The pounds 2.2bn Cassini spacecraft is probably the last mission to the planet Saturn during our lifetimes and could revolutionise our knowledge about the second biggest planet in the solar system. But first it has to get there, says Charles Arthur, Science Editor.

There will be more crossed fingers than a church full of liars this morning as scientists around the world wait for a launch of the Cassini- Huygens mission to Saturn. The lift-off is set for about 10am British time from the launchpad in Florida, and British scientists will be eager to hear that it has been successful after a couple of disastrous failures in the past 18 months.

Cassini is a seven-year mission which will be probably the last during our lifetimes to the ringed planet Saturn. It will send a sophisticated robotic spacecraft, equipped with 12 scientific experiments, to orbit Saturn for four years, plus a European lander craft - the Huygens probe - which will crash land on to one of Saturn's moons, Titan, and examine its strange chemistry.

Saturn is the second-largest planet in the solar system after Jupiter, and is a gas giant, made up mostly of hydrogen and helium.

Its placid-looking, butterscotch-coloured face masks a windswept atmosphere where jet streams blow at 1,800 kilometres per hour and swirling storms of methane ice roil just beneath the cloud tops. Previous spacecraft passing by Saturn found a huge and complex magnetic environment, called a magnetosphere, where trapped protons and electrons interact with each other, the planet, rings and surfaces of the moons. Titan, the only moon in the solar system with its own atmosphere, was chosen for further investigation because remote chemical analysis of its atmosphere suggests that it contains many complex molecules of carbon and nitrogen. Though too cold to support life, it could hold clues to how the primitive Earth evolved into a life-bearing planet. It has an Earth-like, nitrogen-based atmosphere and a surface which probably consists of rocks interspersed with freezing lakes of ethane and methane, beneath a continuous drizzle of a sticky brown organic rain.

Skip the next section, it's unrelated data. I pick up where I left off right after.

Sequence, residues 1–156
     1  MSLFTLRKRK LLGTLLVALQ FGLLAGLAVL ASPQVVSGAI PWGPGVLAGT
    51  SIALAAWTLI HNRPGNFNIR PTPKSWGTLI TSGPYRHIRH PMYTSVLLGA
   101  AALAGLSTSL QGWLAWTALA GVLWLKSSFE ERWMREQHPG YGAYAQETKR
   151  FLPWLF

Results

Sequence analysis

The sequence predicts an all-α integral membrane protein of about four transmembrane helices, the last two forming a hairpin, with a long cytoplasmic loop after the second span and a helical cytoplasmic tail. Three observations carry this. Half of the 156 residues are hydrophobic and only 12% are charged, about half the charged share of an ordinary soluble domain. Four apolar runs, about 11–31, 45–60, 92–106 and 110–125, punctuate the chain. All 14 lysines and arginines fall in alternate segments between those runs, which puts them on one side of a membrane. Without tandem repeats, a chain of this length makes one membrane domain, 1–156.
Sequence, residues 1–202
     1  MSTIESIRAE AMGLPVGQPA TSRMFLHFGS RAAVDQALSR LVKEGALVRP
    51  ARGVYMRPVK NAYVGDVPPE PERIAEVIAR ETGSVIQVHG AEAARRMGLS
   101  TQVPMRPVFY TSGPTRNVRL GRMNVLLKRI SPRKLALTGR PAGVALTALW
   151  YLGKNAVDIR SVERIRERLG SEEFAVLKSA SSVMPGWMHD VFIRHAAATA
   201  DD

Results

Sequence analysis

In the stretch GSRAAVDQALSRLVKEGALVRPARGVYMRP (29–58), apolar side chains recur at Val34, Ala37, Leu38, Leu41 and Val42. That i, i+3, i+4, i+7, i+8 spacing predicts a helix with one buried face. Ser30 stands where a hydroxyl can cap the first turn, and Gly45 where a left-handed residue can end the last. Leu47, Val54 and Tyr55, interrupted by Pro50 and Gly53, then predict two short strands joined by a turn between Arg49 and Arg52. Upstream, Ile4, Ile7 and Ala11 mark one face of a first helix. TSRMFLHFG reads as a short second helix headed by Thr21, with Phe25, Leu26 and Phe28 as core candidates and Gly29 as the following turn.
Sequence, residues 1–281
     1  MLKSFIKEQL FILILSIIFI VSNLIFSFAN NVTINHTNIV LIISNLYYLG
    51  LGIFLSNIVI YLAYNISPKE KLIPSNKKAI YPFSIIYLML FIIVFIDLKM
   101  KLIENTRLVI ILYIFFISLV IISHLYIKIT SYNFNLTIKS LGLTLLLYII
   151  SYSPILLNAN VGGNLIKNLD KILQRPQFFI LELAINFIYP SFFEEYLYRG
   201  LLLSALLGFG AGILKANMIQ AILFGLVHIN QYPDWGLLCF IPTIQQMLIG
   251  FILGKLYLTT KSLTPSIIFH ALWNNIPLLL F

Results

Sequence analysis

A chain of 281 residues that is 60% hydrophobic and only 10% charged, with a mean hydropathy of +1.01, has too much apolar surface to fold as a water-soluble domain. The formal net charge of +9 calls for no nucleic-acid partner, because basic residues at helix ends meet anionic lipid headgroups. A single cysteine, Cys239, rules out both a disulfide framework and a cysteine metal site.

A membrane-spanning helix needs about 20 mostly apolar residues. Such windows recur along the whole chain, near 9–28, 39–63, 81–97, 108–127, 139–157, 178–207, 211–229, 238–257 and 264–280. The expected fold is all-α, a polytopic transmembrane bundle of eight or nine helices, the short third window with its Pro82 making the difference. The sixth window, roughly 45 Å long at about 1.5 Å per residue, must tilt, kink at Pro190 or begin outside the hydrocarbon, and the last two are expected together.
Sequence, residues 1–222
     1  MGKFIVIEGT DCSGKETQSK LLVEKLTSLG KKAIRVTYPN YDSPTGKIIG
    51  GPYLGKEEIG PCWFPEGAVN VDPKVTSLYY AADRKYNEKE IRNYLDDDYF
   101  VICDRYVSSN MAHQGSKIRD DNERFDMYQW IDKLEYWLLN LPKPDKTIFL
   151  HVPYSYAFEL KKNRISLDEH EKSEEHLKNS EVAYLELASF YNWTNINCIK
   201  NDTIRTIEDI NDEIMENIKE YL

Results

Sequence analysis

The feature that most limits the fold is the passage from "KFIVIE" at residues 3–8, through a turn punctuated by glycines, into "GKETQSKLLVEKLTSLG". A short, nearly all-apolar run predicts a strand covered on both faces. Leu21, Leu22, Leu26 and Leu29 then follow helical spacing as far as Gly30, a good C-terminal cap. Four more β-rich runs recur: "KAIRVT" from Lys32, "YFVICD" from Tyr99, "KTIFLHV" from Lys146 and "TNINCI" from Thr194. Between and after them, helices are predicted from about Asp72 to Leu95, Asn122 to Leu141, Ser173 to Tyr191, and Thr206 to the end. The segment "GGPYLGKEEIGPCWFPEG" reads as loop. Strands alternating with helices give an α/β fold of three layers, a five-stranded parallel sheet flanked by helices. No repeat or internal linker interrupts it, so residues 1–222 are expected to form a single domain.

Ideal holiday destination? Perhaps not. But Cassini will offer fascinating insights into what makes Saturn so unusual. "We're trying to understand the origins of the solar system," said Professor Fred Teller of Oxford University. "And Saturn and Titan are places to do it."

While Huygens examines the atmosphere and surface of Titan (as long as it doesn't sink into a lake), the Cassini spacecraft will continue investigating the planet's rings and its magnetosphere, using equipment made by scientists at Imperial College. "This is the biggest spacecraft we have ever sent into space," said David Southwood, of the physics department. Imperial College is even set up to control Cassini and Huygens during the long trip to its destination. It will still be possible to carry out experiments and update computer programs while the spacecraft is en route.

Getting there is no picnic though. Heading directly out towards Saturn is unfeasible: the rocket could not carry enough fuel. Instead, Cassini will head inwards, towards Venus, and twice use the "slingshot" effect of its gravity to gather speed, before heading outwards past Earth in August 1999, and then on towards Saturn - arrival date, June 2004.

But some people have worried about Cassini's nuclear power source. Solar cells would be insufficient to power Cassini beyond Mars, as sunlight is too dispersed. So just like many earlier missions, Cassini will use plutonium dioxide - mixed into a ceramic matrix, like china - to generate heat and electricity.

Environmental groups have protested that if the rocket blows up on lift- off (as those with British experiments on board have recently done) then the radioactive fall-out would be deadly. But the US government, and a number of independent auditing groups, disagree. "The health risks to humans in the event of an accident are negligible," the American Astronomical Society's members declared on Friday.